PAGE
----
This is the full transcript of the video above. In this video we strive to answer the following questions: What are the different types of stainless steel? Can you heat treat austenitic stainless steel? Can you heat treat ferritic stainless steel? What stainless steel can you heat treat? What makes stainless steel stainless?
Ordinary every day experience shows us that steel corrodes. Give it moisture and oxygen and it forms rust. Rust that is porous and will continue to grow and flake until ultimately consuming all the steel. But add enough Chromium to steel and it has the effect of allowing only a thin layer of an oxide to form which does not allow the corrosion to continue. Depending on the amount of Chromium in the alloy and effects of some other elements, various compositions have been established with a variety of combined characteristics as standard alloys.
Specific environment, temperature, strength required, fabricability, and ultimately… cost… are all involved in selecting which stainless steel is used in any given application.
Stainless steels are classified as Austenitic, Ferritic, Martensitic, Duplex or Precipitation Hardening based on their metallurgical structure.
Austenitic Stainless……. the AISI 200 and 300 series…..are not hardenable by heat treatment. HT depends on a change in structure with change a in temperature. These grades remain austenitic from high temperatures up to 1900° to the very low minus 300. There is little or no response to a magnet under normal conditions. Cold working this material can make it slightly magnetic. Common types known generically as “18-8” ( which means there’s a nominal amount of CR at 18 % and Ni at 8% content) are 303, 304 and 316. 316 also has Molybdenum added which boosts the corrosion performance as compared to 304 in many environments. In addition, 316 has more oxidation resistance at higher temperatures. Type 303 has Sulfur added which improves the machining characteristics but sacrifices some corrosion performance. Annealed condition is most corrosion resistant and most commonly used. All exhibit good strength and toughness in cryogenic applications.
Ferritc Stainless – some of the AISI 400 series alloys are not hardenable by heat treatment as these grades remain ferritic over the critical temperature range. Some of these grades respond to a magnet much like ordinary steel. “Straight Cr ” grades with types 405 and 409 relatively low in Cr and are used in auto exhaust applications where appearance is not important. Higher Cr alloys like type 430 resist corrosion at higher temperatures and maintain better cosmetic appearance for applications like automotive or appliance trim at lower cost than the austenitic grades.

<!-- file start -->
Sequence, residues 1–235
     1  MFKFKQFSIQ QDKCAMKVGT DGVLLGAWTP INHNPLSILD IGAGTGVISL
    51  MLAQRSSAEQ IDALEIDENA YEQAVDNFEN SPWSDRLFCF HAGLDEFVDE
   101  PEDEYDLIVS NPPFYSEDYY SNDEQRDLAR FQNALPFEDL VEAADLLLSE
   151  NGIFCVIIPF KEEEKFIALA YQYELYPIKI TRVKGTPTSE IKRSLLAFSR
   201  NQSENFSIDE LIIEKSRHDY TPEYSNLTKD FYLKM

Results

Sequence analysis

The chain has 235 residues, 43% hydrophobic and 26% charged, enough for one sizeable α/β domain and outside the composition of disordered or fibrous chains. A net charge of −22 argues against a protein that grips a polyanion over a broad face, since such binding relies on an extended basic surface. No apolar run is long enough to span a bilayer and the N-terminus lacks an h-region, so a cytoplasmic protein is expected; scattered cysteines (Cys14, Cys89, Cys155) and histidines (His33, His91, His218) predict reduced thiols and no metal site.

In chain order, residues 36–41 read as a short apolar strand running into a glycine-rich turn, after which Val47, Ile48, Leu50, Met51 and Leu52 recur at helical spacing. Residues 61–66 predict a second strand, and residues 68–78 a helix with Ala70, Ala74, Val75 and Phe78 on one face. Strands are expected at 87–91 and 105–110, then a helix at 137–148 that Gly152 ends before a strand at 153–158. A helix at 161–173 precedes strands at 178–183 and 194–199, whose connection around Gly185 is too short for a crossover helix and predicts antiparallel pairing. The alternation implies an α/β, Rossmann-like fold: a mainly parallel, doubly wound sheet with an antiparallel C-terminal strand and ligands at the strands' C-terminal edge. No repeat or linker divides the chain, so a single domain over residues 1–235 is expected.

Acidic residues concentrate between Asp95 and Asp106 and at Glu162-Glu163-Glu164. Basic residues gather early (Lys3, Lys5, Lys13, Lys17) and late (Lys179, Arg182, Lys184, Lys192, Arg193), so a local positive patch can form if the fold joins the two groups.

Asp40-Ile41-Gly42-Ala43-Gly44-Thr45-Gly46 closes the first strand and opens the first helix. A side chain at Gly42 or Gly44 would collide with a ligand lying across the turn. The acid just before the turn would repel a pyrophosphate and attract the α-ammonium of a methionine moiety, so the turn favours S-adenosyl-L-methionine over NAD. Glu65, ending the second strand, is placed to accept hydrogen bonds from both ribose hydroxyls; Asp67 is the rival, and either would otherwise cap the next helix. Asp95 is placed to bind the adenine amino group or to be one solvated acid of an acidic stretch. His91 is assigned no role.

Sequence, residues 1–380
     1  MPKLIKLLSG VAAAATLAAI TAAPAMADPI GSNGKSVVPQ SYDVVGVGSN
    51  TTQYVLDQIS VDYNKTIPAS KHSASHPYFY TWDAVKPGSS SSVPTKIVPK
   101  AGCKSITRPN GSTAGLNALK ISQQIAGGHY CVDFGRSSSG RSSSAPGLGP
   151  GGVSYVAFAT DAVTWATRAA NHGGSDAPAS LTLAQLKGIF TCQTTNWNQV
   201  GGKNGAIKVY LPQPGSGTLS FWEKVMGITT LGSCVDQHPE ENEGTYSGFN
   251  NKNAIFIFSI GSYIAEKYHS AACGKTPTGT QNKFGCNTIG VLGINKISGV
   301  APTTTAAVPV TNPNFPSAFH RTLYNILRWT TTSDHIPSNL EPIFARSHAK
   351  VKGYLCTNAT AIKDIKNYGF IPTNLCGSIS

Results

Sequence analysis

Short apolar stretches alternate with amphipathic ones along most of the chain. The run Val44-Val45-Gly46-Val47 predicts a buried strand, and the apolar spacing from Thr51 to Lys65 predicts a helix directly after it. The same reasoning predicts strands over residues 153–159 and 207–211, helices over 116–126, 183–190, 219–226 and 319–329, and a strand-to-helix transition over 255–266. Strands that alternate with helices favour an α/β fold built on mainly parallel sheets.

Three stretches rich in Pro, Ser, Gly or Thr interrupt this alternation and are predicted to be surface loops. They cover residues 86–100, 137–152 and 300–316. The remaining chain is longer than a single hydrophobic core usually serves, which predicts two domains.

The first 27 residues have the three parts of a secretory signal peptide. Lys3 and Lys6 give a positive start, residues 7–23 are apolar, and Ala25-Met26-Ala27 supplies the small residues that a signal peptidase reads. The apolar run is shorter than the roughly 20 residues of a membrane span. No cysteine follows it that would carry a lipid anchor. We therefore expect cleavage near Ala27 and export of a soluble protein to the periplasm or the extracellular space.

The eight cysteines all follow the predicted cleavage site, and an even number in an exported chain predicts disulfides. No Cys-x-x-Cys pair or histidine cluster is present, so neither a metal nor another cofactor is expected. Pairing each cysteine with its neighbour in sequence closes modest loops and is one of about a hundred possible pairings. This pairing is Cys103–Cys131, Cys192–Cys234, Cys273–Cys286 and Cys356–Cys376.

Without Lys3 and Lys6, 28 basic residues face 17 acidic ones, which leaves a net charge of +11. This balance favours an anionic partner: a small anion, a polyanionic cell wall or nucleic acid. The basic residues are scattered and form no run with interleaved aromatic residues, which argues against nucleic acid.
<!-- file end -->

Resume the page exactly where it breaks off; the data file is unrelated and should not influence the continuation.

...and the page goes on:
Annealed condition is most corrosion resistant.
Martensitic Stainless which consists of the balance of the AISI 400 series are hardenable by conventional heat treatment. Heat treatment is similar to heat treating alloy steels. They have an austenitic structure at high temperature and will transform with rapid cooling to a martensitic structure.They are typically used in a fully hardened condition for best corrosion performance alongside having high strength and hardness. Depending on type, that can be from mid 30’s Rc (rockwell c) hardness for types 410 and 416 to 60 Rc for type 440c as heat treated maximum hardness is dependent on Carbon content. Achievable hardness increases with carbon content.These types also respond to a magnet like the ferritic.
PH Stainless the AISI 600 series. PH stands for “Precipitation Hardening”. That means they are hardenable by heat treatment. They also typically respond to a magnet. Most common alloy is type 630 commonly known as “17-4”. Heat treatment consists of a high temperature “solution treatment” (aka annealed or solution annealed) followed by an “aging” at temperatures between 900 F and 1150 F. Strength and general corrosion performance is higher with aging at 900. Strength is reduced with higher aging temperature but toughness increases. Corrosion performance also improves for some specific environments. Strength and corrosion performance are both considerations in applications for these grades.
Lastly there’s Duplex Stainless, which are stainless steels with a mixed structure of austenite and ferrite used in more specific applications than in this introduction to stainless steels. Many are proprietary names and a few like 2205 are considered a standard or common grade designations.
I really hope you enjoyed learning about stainless steel. Over the coming weeks I will be discussing the types of stainless, 200, 300, 400, PH and Duplex grades in more detail. Make sure to subscribe and stay tuned to Metal Man Mike for more!